Plan examiners and planning managers work in the construction and building sector. They work closely with engineering colleagues, including building inspectors, construction engineers, design specification inspectors, and environmental planners. These planning professionals are responsible for many important aspects of this industry, from zoning to structure designs to local codes. Plan examiners' duties typically include:
Analyzing plans for buildings and other structures
Ensuring plans meet building code requirements
Determine if a structure can meet engineering demands of a site
Determine whether a building is environmentally suited to a site
Planning Job Education Requirements
To thrive in this field, plan examiners require a combination of education, experience, and hands-on job training. For education, employers require planning professionals to have at least a high school diploma, and increasingly many also require an associate or bachelor's degree with a focus on engineering or architecture. Many plan examiners enter the field with experience working as carpenters, construction workers, or in other skilled trades. Since job requirements can vary greatly among different localities, plan examiners receive extensive training on the job, where they become fluent in local building codes and standards. Some states also require specific licenses and certifications.
Planning Job Market
Over the next decade, the United States Bureau of Labor Statistics (BLS) projects job growth of 12 percent for plan examiners. This is about average for all occupations. A national need to improve construction and engineering quality for new buildings and a concern for public safety should contribute to this job growth. The government will drive some of the greatest growth within this industry. Plan examiners with construction-related work experience that will help them better excel in their jobs will have a competitive edge.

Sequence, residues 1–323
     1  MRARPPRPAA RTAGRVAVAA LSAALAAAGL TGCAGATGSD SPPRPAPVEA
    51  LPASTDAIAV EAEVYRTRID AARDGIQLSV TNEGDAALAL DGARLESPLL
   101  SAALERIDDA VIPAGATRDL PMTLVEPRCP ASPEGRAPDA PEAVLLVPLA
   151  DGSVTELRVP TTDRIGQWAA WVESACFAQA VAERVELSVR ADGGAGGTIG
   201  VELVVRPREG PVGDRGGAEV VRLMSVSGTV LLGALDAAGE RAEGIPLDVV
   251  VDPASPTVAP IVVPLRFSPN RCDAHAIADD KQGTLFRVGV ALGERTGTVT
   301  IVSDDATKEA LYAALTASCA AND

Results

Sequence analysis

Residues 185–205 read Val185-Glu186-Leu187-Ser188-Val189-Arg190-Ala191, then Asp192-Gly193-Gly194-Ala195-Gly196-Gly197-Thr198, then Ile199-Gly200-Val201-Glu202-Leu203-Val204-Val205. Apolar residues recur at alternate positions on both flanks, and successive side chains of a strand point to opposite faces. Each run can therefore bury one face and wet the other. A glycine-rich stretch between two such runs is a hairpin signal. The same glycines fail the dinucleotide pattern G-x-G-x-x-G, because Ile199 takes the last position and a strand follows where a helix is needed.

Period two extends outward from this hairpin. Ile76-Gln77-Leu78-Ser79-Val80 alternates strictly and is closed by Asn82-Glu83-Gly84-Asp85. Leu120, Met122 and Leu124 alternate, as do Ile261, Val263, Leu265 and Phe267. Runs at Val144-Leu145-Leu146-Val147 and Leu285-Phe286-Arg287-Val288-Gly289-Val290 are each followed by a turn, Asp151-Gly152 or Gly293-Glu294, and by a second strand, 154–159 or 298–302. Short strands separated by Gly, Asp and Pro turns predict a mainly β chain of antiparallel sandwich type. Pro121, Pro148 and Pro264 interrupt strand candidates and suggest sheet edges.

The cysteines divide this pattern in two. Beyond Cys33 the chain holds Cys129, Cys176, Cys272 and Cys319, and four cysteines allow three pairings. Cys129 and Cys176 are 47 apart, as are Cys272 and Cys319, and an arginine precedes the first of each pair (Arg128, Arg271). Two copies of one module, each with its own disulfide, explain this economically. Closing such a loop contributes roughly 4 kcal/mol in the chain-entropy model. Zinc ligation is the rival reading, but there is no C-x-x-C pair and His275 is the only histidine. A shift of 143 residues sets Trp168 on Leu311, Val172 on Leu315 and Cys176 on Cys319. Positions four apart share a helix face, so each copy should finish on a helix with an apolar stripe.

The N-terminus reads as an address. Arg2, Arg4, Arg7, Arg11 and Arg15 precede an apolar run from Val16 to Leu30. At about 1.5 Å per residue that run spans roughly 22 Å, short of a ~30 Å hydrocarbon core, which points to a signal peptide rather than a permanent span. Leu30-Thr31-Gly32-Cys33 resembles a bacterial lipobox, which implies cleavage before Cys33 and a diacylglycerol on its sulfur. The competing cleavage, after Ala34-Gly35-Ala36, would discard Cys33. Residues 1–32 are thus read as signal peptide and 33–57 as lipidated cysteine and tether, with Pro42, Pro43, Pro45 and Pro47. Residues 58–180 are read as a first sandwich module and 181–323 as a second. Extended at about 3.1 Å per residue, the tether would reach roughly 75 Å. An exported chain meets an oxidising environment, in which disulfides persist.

Plan examiners who work for larger organizations are likely to see less fluctuation in employment and job availability over the next decade. Self-employed planning professionals may be more negatively affected by the job market. As of 2012, the BLS indicated that 11 percent of these professionals were self-employed.
Planning Job Salary Information
According to the BLS, plan examiners earn an average of $53,500 per year. Professionals at the lowest 10 percent of this range earn under $32,000 per year, while those at the highest 10 percent of the range earn over $84,000 annually. Work hours for plan examiners are generally normal business hours, though during busy times, they may be required to work overtime or during evenings and weekends.